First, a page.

May 312011

You Won’t See Them Practice or Prepare …

Unless You’re One of Them

It does not matter your field of endeavor. You could be an entrepreneur, an athlete, a scientist, a musician, or the CEO of any size company, but unless you are one of them, you will not see the “greats” practice or prepare. They are up early or they stay late, in order to perfect their “game” and bring it to its highest level.

I am in the midst of an in-depth study of “greatness” throughout the ages. This includes taking a close look at the lives of hundreds of history’s greatest people in a wide variety of fields and endeavors. It also includes interviewing dozens of contemporary “greats” throughout sport, business, science, music, art and beyond, and looking for common threads in how they have reached such heights.

One such common thread is that those who reach an extraordinarily high level of achievement in their field almost uniformly are preparing when the rest of the world, including their competitors and often times colleagues or teammates, are sleeping. They shoot free throws, they do extra workouts, they prepare speeches, they create, they analyze, they synthesize, and they hone their skills to levels that others only hope to achieve. This is the time they “steal” to take their game to the next level.

Does this mean that they don’t do all the other preparation that their teammates, colleagues and competitors are doing throughout the rest of the day? Of course not. They’re doing that too. The pre- and post-workday “workouts in the dark” and preparation are fueled by their dedication and drive to become the best they can. Sometimes it’s as though they cannot stop themselves from additional preparation in the “off hours”. They are driven by something deep inside that pushes them to put in all that extra work.

Is such drive and dedication something that can be imposed from outside? No. It must come from within. Sometimes it’s hard to even understand the source of this drive. But in the “great” ones it exists. Their bodies and their minds become “vehicles” of greatness, pushed by a force larger than them to do their best and always try to take it to the next level. Does it feel like a burden or extra work to them? Sometimes. But most of the time, it just feels natural. It feels like what they’re supposed to be doing to fulfill their dreams and accomplish all that they can, individually and for their team or organization.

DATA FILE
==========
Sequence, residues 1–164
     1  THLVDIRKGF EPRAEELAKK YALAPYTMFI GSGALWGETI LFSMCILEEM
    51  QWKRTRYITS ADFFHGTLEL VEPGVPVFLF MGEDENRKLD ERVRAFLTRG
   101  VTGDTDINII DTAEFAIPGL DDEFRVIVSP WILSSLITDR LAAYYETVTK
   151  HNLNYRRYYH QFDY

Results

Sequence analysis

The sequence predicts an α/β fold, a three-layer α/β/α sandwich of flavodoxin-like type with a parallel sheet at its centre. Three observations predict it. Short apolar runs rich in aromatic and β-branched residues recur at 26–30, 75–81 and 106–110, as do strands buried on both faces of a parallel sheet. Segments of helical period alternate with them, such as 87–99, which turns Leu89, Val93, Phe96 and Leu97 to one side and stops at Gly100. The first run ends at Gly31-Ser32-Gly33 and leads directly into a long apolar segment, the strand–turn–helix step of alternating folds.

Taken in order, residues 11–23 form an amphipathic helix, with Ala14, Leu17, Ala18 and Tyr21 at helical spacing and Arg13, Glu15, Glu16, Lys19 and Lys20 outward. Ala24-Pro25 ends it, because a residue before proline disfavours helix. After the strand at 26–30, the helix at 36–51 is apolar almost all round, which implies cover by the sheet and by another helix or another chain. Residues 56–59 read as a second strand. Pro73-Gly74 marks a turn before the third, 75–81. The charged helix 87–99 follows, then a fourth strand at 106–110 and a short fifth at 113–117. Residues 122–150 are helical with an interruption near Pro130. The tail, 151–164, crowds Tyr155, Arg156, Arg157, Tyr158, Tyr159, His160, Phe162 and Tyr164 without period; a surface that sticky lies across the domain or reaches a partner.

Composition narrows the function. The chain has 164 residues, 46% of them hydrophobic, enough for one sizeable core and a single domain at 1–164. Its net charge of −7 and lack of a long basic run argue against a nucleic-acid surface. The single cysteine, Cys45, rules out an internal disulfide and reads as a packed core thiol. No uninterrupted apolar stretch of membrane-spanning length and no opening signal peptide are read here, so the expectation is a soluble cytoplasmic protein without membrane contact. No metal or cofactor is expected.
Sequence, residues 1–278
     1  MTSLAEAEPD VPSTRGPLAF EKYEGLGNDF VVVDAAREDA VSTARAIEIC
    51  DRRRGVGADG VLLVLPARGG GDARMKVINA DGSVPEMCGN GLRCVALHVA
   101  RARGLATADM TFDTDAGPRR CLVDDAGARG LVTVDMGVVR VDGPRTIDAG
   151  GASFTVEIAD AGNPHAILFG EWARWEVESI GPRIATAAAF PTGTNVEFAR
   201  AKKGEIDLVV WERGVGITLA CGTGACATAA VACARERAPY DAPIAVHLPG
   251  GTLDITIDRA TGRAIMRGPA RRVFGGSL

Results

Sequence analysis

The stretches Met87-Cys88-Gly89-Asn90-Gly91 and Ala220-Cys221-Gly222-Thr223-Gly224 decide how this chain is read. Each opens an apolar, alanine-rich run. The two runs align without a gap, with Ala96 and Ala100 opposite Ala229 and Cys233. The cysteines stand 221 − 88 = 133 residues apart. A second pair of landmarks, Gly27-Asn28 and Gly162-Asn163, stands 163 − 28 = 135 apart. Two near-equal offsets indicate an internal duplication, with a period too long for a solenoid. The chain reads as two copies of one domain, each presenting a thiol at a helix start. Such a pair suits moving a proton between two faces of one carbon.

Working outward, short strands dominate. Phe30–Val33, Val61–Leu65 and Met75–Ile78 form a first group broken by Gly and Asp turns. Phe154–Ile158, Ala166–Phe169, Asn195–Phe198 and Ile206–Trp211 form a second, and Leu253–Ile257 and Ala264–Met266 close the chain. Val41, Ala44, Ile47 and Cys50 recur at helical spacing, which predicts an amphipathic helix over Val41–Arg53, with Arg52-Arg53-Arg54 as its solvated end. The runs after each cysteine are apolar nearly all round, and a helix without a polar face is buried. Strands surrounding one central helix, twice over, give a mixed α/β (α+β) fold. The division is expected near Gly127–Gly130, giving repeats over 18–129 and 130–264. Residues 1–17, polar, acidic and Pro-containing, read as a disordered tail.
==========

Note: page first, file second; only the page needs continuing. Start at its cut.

So, if it comes from deep within, can you try to find it? Can you look for a formula to become great? Well, there’s no simple formula or recipe, like if you were going to bake a couple dozen chocolate chip cookies. One thing is clear, however, based on my experience as a coach and as a researcher in the area of “greatness”: before you can find this drive and become “great,” you must first find the endeavor or pursuit that will allow you to bring out your own greatness. It must be something that “lights the fire” within you. It may take a while and it may show up when you’re least expecting it, but if you’re paying attention, you’ll know when you find it.

It is not something that can easily be forced, even if you have the aptitude. Sure, we try to force it all the time, on ourselves, on our kids, on those around us. We focus on what we think we want or what we think society wants or what we think we “should” do. Trust me; this approach will not work. Yes, you can become good at something because others want you to, but you will not become “great”. The only way anyone becomes great at anything is if THEY want it, and only if they want it REALLY bad. Only if they want it so bad that they will not stop at anything short of greatness. Again, the drive MUST come from within. You can receive guidance and support from those around you, but the drive has to come from WITHIN.

What is the source of this desire? From what I’ve seen, it varies widely. For one person, the drive and desire may come from having been told they cannot do something. For another, it may come from following a family tradition of greatness in a particular endeavor. For yet another, their “why” may come from early childhood exposure to a sport or other endeavor that lights a fire within them. Frankly, this question of “why” is one of the hardest ones to understand. It’s a highly personal and individual driver. There really isn’t a lot of uniformity, but there are some common threads. More on this later, as my study into “greatness” continues.

I look forward to your thoughts and comments.

Paul Morin